-Lack of patience (ironically with more time, comes greater chance of changing channels)
-Online fatigue (zoom calls get exhausting)
-General sense of unease (even for the best of us)
Here are my tips on how to be and stay relevant.
Ever read a book and thought, “That really could have been just an article.” Take that further out. No one wants to hear all the intros and bios, and backstories. Get straight to the point. Get to the value. If you have a podcast, start with a cold open, like Breaking Bad. Give us the juice from the middle that makes us hungry to know the whole thing. Running a call or a webinar – what value can you give me immediately so I am confident to invest more of my time?
Everyone loves funny. It works in all markets. And we inherently trust those who are able to laugh at themselves and others (in a grounded way. Not in a psycho, Tiger King Carole kind of way). And notice I didn’t write, “Try to be funny.” I mean actually be funny. I know, that’s ridiculous to say because even the best stand-up comedians don’t know what’s funny until they test it with an audience. That’s why they don’t focus on funny. The focus on truth. They focus on their own unique points of view. They focus on being true to their voice. AND… they don’t take themselves or others so freakin seriously. Relax. I’ve spent 10 years in improv comedy, and the funny always comes from being authentic, open and listening deeply. Funny is a side effect.
You can get away with slow talking speeds in face to face to world. Online – you’re getting boring by the second. Facebook is just one click away from whatever you want them to focus on. Talk a little faster, but play with speed, tone and volume so you don’t hypnotize the audience (and yourself) by staying at the same levels. Take that long story you love to tell and compress it down to the key points. Learn to talk in sound bites. You can always go longer if you’re in the flow, but going longer isn’t a skill. Anyone can do long. It takes mastery to get down to the simple elegance. It took a lifetime of long equations for Einstein to get to E=mc2.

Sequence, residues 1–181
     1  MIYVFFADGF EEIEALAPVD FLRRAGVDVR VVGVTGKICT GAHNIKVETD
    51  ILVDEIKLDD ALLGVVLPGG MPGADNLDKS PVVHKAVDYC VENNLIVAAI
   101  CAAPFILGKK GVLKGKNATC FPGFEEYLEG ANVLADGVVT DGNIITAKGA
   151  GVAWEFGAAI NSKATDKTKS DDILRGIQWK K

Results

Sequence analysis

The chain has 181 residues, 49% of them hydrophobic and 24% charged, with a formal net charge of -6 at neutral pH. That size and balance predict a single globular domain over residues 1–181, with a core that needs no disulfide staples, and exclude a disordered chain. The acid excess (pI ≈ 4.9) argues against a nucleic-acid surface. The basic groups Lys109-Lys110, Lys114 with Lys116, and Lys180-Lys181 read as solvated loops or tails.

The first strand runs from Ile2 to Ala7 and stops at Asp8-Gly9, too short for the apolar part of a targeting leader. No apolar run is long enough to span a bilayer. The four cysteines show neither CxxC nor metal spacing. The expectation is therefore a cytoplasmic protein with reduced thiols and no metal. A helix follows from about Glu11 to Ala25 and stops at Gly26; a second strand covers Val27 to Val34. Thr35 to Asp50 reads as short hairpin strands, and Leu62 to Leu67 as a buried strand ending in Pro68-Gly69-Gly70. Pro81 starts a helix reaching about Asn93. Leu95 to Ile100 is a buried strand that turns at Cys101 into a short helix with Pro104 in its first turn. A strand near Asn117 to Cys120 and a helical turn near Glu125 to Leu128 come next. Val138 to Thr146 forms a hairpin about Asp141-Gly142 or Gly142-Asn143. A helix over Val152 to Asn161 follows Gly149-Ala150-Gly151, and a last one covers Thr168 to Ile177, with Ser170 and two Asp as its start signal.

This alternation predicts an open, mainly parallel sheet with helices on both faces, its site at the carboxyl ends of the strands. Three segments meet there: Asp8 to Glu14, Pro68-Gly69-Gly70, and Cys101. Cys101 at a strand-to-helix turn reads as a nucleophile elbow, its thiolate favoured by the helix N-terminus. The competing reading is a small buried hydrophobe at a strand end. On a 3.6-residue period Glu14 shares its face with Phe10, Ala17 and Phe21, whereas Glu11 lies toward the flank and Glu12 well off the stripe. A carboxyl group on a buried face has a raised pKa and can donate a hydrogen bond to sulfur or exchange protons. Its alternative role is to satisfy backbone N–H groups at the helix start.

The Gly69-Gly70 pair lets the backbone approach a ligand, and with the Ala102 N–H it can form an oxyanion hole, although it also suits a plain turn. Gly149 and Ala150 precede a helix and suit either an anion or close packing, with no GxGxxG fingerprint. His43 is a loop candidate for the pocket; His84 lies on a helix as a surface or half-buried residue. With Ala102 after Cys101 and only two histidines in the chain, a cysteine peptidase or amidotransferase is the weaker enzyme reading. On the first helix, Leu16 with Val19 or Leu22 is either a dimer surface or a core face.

Dan Mezick said, “Everyone loves a coherent explanation, even when that coherent narrative is… a fabrication.” Think about it from a nervous system perspective. We respond well to leaders who are calm, collected, grounded, and tell us a story we can understand. Now contrast that with someone losing their shit, spouting a bunch of facts that people can’t follow. Even if this person tells the truth, they won’t be believed. I can’t believe how many articles I’ve seen on COVID that I can’t even follow because the narrative gets so distorted in all the point/counterpoints. I tune out.
If you didn’t catch the reference, it’s a play off Bill Clinton’s campaign mantra, “It’s the economy, stupid.” He made the point that even though all the debate and rhetoric was on politics, it’s really the economy that’s important to people’s everyday life and livelihood.
The equivalent today is that it’s not about the video. It’s the audio! We can tolerate bad video, but when audio is not pristine, we lose touch with it. We trance out. It doesn’t FEEL Real. You want it to feel as real as possible. So if you do anything online (I mean even date online – this will help for that too). GET A GOOD MIC. You can get amazing microphones for less than $100.
Those are my tips. What are yours?
Culture of Chaos ,Great cultures
Twitter just announced they may never go back to the office:
Okay, let’s just forget for second what this means for the commercial real estate market.
What does this mean for culture?
I just gave a talk for Intel on how we can lead virtually and here are a few points to consider:
You can’t get away with long, boring meetings anymore. You will lose everyone. You have to learn to get to the point quicker, get everyone on the same page, and keep people engaged.
You really think your people were productive for 8 hours a day? Try three. The good news, is we can do more in less time than we thought. But it’s going to take massive focus skills, which are dwindling away as everyone spends more and more time online with infinite distractions. You no longer have the luxury of 10 different priorities. Focus your people.
I used to spend a week at a company to determine the health of its culture. Now I just ask one question – “Do you start and end meetings on time?” Cultures that value everyone’s time equally value integrity and the culture as a whole over any one individual. Cultures where leaders are late signal that some people can break rules while others can’t. And leaders convey that they’re actually out of control when they can’t even control their own calendars. Be the example, be EARLY to everything, and notice how your respect levels go up and your stress levels go down.